When federal lawmakers legalized hemp last year, they opened the floodgates to hundreds of companies focused largely on a single molecule in the plant: cannabidiol, or CBD. Now, with thousands of products on the market, from infused enemas to espresso, the US Food and Drug Administration (FDA) is preparing to craft regulations around the cannabinoid.
At a public hearing that kicks off Friday morning, the agency will hear from dozens of experts and interested citizens. That testimony will help shape FDA policies that could govern everything from CBD quality and labeling standards to infused food and beverages. Revised research rules could even help identify the next groundbreaking cannabis-based medication.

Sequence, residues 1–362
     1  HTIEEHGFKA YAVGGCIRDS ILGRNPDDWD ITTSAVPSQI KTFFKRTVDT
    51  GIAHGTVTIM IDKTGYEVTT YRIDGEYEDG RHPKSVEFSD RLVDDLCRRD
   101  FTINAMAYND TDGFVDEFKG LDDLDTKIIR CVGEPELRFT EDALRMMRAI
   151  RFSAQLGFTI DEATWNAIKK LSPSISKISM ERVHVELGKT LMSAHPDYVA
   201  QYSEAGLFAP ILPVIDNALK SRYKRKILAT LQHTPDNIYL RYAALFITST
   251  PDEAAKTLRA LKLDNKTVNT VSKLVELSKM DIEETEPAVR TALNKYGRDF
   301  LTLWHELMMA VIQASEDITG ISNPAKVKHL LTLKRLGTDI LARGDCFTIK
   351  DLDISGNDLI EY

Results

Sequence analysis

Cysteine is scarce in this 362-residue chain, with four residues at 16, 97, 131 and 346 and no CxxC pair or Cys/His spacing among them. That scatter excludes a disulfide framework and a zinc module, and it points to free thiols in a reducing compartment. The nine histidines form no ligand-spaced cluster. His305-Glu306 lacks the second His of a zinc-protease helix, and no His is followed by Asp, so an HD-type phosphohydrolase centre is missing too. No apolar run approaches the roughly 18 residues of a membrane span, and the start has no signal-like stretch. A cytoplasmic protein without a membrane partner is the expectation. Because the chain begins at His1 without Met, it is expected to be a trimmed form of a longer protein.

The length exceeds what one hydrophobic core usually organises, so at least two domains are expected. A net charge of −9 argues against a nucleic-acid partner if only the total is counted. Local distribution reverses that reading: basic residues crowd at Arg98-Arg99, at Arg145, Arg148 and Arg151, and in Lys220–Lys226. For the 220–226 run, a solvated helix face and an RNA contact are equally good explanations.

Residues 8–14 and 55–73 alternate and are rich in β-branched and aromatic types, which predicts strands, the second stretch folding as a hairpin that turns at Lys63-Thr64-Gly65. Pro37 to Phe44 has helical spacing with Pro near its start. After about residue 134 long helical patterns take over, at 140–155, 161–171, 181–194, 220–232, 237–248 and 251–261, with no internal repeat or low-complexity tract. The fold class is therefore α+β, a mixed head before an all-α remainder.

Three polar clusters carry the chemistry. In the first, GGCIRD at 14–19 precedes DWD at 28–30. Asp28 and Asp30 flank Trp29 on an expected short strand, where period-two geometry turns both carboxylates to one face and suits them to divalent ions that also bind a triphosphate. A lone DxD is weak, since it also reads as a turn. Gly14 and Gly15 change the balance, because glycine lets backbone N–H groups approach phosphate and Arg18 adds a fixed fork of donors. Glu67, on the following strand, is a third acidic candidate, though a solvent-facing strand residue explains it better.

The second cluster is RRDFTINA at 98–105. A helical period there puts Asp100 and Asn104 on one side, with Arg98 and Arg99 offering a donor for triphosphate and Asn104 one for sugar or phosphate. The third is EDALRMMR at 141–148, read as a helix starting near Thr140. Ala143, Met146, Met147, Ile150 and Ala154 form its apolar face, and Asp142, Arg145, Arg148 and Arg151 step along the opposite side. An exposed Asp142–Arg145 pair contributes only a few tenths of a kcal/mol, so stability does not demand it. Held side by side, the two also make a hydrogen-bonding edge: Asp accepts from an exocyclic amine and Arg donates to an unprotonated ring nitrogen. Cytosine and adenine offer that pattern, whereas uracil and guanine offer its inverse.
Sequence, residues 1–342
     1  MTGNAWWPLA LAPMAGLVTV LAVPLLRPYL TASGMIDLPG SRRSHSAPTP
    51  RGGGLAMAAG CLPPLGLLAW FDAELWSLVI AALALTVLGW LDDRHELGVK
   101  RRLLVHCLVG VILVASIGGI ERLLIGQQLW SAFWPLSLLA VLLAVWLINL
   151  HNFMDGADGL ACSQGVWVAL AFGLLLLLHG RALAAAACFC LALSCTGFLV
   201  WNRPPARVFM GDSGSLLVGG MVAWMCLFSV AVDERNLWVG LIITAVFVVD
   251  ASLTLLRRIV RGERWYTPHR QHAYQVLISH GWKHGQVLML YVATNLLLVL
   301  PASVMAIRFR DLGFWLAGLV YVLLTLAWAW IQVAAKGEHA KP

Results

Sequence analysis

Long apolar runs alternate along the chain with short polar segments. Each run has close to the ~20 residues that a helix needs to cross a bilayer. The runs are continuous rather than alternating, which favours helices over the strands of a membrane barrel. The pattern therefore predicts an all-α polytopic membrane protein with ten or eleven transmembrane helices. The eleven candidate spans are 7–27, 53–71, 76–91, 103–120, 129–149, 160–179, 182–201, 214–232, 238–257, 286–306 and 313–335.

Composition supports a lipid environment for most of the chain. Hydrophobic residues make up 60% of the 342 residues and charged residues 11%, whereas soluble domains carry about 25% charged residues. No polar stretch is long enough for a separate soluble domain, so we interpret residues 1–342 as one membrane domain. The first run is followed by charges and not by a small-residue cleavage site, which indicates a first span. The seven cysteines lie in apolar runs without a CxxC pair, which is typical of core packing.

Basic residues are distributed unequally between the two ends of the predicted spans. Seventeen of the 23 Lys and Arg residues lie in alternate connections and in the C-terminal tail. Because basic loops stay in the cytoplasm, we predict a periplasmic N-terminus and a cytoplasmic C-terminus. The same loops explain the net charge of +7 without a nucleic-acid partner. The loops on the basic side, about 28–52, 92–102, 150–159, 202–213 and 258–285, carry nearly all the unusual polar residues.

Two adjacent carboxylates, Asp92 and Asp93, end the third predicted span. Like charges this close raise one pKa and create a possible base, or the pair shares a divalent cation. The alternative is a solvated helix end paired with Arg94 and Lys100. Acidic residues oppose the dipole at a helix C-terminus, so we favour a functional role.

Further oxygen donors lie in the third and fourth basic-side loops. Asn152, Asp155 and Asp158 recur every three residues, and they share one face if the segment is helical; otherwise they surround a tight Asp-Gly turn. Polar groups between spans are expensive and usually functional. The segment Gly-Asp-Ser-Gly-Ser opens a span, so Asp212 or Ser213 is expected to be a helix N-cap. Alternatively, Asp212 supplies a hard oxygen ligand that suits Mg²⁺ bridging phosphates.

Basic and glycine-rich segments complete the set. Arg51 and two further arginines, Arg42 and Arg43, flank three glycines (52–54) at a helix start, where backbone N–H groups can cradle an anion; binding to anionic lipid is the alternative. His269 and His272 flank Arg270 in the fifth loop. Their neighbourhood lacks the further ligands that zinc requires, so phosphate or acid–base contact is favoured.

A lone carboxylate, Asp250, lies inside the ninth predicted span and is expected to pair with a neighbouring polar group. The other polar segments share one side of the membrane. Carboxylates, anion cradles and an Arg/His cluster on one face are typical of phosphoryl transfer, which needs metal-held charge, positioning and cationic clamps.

Ahead of the hearing, Leafly news editors are breaking down where things currently stand on CBD and what could change going forward.
Why the fuss about an FDA hearing?
After 80+ years of treating all cannabis products as dangerous, illegal, and highly addictive drugs, the FDA has scheduled its first-ever public hearing to consider testimony about cannabidiol (CBD), the cannabinoid with powerful healing properties.
The FDA has been forced to finally act due to the overwhelming public interest in CBD, which is now sold in topical products in national chains like CVS and Walgreens. The FDA currently does not regulate CBD products in any way.
The hearing will take place on Friday, May 31, from 8 a.m. to 6 p.m., at the FDA’s campus in Silver Spring, Maryland.
What’s going to happen?
A variety of experts and interested citizens will give brief presentations or remarks, all day long. The official kickoff starts at 8 a.m., which is 5 a.m. Pacific time, so those of us on the West Coast will be watching with some strong coffee. Here’s the day’s agenda:
7:00 – 8:00 a.m. — Registration
8:00 – 8:05 a.m. — Welcome and Overview